(American Humanist Association photo.)
Paul Kurtz (December 21, 1925 - October 20, 2012) was a prominent American skeptic and secular humanist. He was Professor Emeritus of Philosophy at the State University of New York at Buffalo, having previously also taught at Vassar, Trinity, and Union colleges, and the New School for Social Research. (Click for additional information.)
A skeptic is one who is willing to question any claim to truth, asking for clarity in definition, consistency in logic, and adequacy of evidence.
Atheism, like agnosticism and skepticism, can be a dignified posture when it is based on careful reflection and civilly expressed. It should not be mean- spirited. Many of us prefer a kinder and gentler form of secular humanism.
Each person must face death: life has meaning only if we realize that it will end.
Far from living in a moral vacuum, secular humanists wish to encourage wherever possible the growth of moral awareness.
Homo religiosus invents religious symbols, which he venerates and worships to save him from facing the finality of his death and dissolution. He devises paradise fictions to provide succor and support... In acts of supreme self- deception, at various times and in various places he has been willing to profess belief in the most incredible myths because of what they have promised him.
Human life has no meaning independent of itself. There is no cosmic force or deity to give it meaning or significance. There is no ultimate destiny for man. Such a belief is an illusion of humankind's infancy. The meaning of life is what we choose to give it.
Humanists hold that ethical values are relative to human experience and need not be derived from theological or metaphysical foundations.
I believe that a person should take an affirmative outlook. There are always problems in life, old and new, uncertainties, and unexpected contingencies. The optimal way to deal with this is not to give up in despair, but to move ahead using the best intelligence and resources that we have to overcome adversity.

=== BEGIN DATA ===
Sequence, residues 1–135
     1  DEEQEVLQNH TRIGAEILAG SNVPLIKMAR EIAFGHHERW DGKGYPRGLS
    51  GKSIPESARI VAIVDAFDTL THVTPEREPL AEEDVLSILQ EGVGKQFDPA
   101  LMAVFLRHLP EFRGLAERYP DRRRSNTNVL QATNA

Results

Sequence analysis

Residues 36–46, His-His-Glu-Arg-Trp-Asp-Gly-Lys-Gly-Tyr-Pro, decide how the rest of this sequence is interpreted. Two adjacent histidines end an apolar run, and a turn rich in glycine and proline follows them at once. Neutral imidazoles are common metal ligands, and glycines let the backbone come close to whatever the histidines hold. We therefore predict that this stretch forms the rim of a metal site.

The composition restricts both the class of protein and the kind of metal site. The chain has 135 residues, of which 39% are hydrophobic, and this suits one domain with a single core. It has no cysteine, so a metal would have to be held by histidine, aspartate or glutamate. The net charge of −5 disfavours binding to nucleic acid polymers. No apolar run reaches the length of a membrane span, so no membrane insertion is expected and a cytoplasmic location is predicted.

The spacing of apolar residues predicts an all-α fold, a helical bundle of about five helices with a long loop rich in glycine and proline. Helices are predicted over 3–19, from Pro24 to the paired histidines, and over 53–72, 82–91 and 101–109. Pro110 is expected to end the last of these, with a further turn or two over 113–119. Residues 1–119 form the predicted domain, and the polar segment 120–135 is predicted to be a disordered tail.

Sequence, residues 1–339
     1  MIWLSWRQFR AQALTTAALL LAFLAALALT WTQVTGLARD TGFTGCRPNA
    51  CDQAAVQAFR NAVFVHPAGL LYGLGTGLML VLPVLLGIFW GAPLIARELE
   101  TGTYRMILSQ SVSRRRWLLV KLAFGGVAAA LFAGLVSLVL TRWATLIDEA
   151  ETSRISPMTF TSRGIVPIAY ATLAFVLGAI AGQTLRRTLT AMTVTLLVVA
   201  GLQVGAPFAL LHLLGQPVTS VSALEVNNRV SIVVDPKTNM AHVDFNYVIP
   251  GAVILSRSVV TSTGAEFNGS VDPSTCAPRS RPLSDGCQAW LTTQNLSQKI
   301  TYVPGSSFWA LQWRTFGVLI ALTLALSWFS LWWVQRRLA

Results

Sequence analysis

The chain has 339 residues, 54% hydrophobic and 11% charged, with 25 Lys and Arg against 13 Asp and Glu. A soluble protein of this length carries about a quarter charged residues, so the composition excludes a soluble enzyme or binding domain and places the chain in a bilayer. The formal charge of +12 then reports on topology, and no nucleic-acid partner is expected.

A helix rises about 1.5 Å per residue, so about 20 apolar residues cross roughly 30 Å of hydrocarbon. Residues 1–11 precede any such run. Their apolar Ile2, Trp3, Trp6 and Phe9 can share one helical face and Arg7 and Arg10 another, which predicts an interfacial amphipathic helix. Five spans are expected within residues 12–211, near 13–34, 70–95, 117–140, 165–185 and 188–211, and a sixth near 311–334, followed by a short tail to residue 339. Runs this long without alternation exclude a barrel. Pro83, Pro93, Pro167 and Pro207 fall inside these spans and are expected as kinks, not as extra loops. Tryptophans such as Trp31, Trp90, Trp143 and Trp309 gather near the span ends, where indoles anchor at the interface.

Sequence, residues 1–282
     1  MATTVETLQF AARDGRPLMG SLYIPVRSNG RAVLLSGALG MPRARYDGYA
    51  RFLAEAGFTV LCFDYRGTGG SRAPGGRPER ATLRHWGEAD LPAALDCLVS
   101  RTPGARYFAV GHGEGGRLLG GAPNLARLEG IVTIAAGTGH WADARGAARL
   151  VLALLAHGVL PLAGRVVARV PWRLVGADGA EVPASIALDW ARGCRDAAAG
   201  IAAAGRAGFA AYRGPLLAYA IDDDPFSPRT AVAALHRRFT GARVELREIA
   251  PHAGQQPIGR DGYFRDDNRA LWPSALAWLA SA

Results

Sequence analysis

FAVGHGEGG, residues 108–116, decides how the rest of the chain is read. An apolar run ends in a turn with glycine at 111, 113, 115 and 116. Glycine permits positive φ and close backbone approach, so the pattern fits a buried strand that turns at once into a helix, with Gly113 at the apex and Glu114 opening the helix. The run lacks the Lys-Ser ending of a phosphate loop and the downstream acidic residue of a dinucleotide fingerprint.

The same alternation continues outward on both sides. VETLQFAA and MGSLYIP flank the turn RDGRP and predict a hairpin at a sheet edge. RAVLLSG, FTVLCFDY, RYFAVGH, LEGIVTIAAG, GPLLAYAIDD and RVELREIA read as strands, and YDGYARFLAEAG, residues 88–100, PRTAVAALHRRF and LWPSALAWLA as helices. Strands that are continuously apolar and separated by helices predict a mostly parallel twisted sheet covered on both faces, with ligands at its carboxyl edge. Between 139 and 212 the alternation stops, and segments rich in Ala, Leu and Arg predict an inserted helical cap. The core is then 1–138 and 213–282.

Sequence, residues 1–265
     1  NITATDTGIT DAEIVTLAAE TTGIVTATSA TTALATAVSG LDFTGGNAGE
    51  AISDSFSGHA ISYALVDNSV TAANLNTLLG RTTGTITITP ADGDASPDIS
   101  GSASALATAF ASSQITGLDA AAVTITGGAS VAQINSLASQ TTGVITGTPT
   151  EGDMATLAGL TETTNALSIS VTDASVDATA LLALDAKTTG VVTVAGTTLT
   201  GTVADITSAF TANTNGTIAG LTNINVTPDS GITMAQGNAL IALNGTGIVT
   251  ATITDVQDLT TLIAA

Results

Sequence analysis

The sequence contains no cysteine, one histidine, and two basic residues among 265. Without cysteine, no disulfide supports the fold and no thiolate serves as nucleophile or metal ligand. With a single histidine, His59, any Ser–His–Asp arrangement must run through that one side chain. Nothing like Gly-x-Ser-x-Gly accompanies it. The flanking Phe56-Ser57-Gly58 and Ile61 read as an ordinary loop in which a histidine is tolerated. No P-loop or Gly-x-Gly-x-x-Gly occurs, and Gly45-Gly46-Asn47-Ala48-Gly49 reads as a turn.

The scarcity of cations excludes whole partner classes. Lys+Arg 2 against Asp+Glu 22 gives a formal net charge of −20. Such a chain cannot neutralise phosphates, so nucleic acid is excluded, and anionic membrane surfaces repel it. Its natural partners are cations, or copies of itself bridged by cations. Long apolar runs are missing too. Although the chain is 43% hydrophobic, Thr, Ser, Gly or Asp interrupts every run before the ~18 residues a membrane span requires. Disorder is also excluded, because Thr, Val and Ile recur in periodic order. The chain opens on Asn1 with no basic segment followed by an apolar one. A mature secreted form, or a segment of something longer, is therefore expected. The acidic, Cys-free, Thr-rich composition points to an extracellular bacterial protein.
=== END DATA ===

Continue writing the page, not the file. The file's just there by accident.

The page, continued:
Life, when fully lived under a variety of cultural conditions, can be euphoric and optimistic; it can be a joy to experience and a wonder to behold.
Most humans feel the transcendent temptation, the emotional drive to festoon the universe with large-scale meaning.
No deity will save us; we must save ourselves.
Reason and intelligence are the most effective instruments that humankind possesses. There is no substitute: neither faith nor passion suffices in itself.
Secular humanism is avowedly non-religious. It is a eupraxsophy (good practical wisdom), which draws its basic principles and ethical values from science, ethics, and philosophy.
The beginning of wisdom is the awareness that there is insufficient evidence that a god or gods have created us and the recognition that we are responsible in part for our own destiny. Human beings can achieve this good life, but it is by the cultivation of the virtues of intelligence and courage, not faith and obedience, that we will most likely be able to do so.
The meaning of life is not to be discovered only after death in some hidden, mysterious realm; on the contrary, it can be found by eating the succulent fruit of the Tree of Life and by living in the here and now as fully and creatively as we can.
The skeptic has no illusions about life, nor a vain belief in the promise of immortality. Since this life here and now is all we can know, our most reasonable option is to live it fully.
Three key humanist virtues are courage, cognition, and caring- not dependence, ignorance, or insensitivity to the needs of others.
We need to be skeptical of utopianists who offer unreliable totalistic visions of other worlds and strive to take us there. We need some ideals, but we also need to protect ourselves from the miscalculations and misadventures of visionaries.